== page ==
Document type: 
Thesis
File(s): 
Supervisor(s): 
Ryan D'Arcy
Department: 
Applied Sciences: School of Engineering Science
Thesis type: 
(Thesis) M.A.Sc.

3D convolutional neural networks for Alzheimer’s disease classification

Author: 
Date created: 
2020-01-21
Abstract: 

Dementia of the Alzheimer’s type (DAT) is a neurodegenerative disease characterized by abnormal brain metabolism and structural brain atrophy. These functional and structural changes can be observed in images acquired using 18F-fluorodeoxyglucose positron emission tomography (FDG-PET) and structural magnetic resonance imaging (MRI). Traditional machine learning framework for DAT classification often involves time-consuming segmentation of brain images as part of the feature extraction process, while deep neural networks can learn DAT-related patterns directly from brain images to generate DAT probability scores. In this thesis, we design 3D convolutional neural networks (CNN) for two applications: classification and segmentation. We design classification networks for single modality use and perform comprehensive evaluation by measuring the performance of our networks on images along the entire DAT spectrum. To support traditional DAT classification framework, we design a fast and accurate segmentation pipeline. We propose a hemisphere-based approach where we train networks to localize and segment hemispheres.

Document type: 
Thesis
File(s): 
Supervisor(s): 
Faisal Beg
Department: 
Applied Sciences: School of Engineering Science
Thesis type:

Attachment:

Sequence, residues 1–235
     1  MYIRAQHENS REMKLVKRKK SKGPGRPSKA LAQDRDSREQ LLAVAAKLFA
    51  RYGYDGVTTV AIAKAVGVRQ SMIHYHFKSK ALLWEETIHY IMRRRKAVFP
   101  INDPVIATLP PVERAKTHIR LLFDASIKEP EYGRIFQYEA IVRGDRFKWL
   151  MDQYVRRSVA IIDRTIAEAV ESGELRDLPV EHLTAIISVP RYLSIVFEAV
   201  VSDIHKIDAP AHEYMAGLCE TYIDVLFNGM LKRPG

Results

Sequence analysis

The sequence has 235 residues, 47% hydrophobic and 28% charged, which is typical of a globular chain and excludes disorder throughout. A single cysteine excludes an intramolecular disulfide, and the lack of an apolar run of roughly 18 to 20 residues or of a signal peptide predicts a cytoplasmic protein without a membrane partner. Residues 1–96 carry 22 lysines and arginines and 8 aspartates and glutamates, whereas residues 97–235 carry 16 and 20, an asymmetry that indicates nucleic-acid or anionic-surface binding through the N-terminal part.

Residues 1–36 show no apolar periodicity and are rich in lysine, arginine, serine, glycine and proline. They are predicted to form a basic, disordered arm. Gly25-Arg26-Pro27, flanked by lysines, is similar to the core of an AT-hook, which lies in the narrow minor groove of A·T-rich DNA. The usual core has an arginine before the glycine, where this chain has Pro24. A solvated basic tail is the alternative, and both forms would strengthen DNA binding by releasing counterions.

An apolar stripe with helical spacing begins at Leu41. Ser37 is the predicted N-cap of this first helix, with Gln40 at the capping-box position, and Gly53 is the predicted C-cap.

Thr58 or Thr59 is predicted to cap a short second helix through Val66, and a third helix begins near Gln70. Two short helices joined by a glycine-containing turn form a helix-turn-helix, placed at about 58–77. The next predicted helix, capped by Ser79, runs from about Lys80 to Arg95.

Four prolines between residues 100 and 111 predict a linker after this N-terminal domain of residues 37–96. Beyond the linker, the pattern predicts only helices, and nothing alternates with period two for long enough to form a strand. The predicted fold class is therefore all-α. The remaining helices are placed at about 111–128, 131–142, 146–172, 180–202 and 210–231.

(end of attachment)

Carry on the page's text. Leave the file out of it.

(Thesis) M.A.Sc.

Magnetic composite polymer membrane actuators with applications to microfluidic devices

Author: 
Date created: 
2020-04-08
Abstract: 

This thesis demonstrates new materials and microfabrication techniques for integrating membrane-type magnetic composite polymer (M-CP) actuators into microfluidic devices and systems. A membrane actuator with a powerful stroke volume that displaces 7.4 µL of water under a 110mT external magnetic field is developed and demonstrated in a hybrid M-CP/thermoplastic microfluidic device and in an all-PDMS microfluidic device. To achieve injection mouldable M-CP devices, a new M-CP is developed that consists of an injection mouldable off-thiol-ene-epxoy (OSTE+) polymer resin that is embedded with 25 weight-% rare earth magnet particles to be permanently magnetized. To support the rapid prototyping of PDMS and OSTE+ polymer microfluidic devices, a new type of micromould is developed that uses laser ablation of tape to deliver low cost, ultra-rapid moulds. These developments facilitate future commercial mass production through integration with thermoplastic polymers favored by the microfluidics industry in a scalable, “design-to-manufacture” scheme.

Document type: 
Thesis
File(s): 
Supervisor(s):